More important, perhaps, is the probable impression of the reader who discovers Sleigh. In this regard, I would have to place Sleigh in the same category as Moto and Chan; all three caricatures ultimately invite sterotypic interpretations without the awareness that the interpretations are stereotypes. Seigh, however, seems to ahve the merit of being more obviously contrived, which possibly alerts the unintiated but otherwise sensitive reader to the danger of taking Sleigh as a real American. The portraits of Moto and Chan are, in contrast, so slick that even the sensitive reader is likely to believe that "Japanese" and "Chinese" really think and talk and behave like their fictional representatives.
The problem with even this is the relationship etween degree of initiation and sensitivity: the less initiated the reader in the complex culture of the personalities depicted in fiction, the less likely the reader's sensitivity will be strong enough to create an awareness of ignorance and hence a suspension of judgment -- the less the reader's ability to be able to identify the fictitious, the hyperbole, the caricature, the parody, the stereotype.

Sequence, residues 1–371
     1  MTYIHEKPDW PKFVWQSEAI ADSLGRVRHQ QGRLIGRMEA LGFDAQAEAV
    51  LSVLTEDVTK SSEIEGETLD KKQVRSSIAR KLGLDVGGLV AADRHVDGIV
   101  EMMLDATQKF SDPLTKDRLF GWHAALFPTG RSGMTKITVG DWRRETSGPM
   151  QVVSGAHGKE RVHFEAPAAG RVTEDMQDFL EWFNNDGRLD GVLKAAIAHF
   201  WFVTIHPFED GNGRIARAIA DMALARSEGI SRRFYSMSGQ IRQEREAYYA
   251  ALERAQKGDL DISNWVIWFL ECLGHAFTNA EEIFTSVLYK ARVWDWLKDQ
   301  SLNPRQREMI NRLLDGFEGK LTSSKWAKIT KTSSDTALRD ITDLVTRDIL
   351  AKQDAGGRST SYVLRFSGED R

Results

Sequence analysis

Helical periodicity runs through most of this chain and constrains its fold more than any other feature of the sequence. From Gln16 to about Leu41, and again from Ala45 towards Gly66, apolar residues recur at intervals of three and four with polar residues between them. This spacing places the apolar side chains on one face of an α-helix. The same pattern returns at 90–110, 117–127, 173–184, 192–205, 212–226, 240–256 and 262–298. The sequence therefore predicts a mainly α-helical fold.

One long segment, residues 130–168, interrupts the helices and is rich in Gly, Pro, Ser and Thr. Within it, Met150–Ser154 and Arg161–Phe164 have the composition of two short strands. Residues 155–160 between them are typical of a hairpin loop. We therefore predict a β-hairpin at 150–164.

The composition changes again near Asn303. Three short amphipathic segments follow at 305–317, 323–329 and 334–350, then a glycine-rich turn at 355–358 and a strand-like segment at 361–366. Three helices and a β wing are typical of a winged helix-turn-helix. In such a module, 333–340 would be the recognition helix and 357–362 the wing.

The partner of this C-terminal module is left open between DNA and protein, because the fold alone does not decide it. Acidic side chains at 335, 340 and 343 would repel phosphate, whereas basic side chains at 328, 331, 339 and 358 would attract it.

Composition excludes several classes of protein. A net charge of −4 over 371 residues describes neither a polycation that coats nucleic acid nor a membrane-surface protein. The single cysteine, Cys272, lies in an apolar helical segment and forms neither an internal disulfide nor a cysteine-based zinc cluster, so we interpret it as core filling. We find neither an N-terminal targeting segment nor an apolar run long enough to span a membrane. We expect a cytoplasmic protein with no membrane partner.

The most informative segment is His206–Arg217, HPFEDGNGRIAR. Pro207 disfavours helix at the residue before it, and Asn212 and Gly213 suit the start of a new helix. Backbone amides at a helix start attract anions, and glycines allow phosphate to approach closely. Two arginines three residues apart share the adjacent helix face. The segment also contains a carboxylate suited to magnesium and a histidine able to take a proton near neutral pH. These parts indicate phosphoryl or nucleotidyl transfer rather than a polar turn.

In other words, no degree of general humanistic sensitivity will compensate for ignorance when crossing cultural boundaries in literature. This is precisely the danger of Moto, Chan, and alas even Sleigh in their respective entertainment traditions. In the world of producers and consurmers, ultimately more dangerous than lack of knowledge and sensitivity on the part of the producers of pulp fiction stereotype, is the lack of intelligence and powers of judgment on the part of their consumers.
Future of series
Tsuzuki was still writing occassional Quillion Sleigh stories, he told me. But he also said the vein of creativity which had been inspiring them was playing out, so the Sleigh mine would probably close.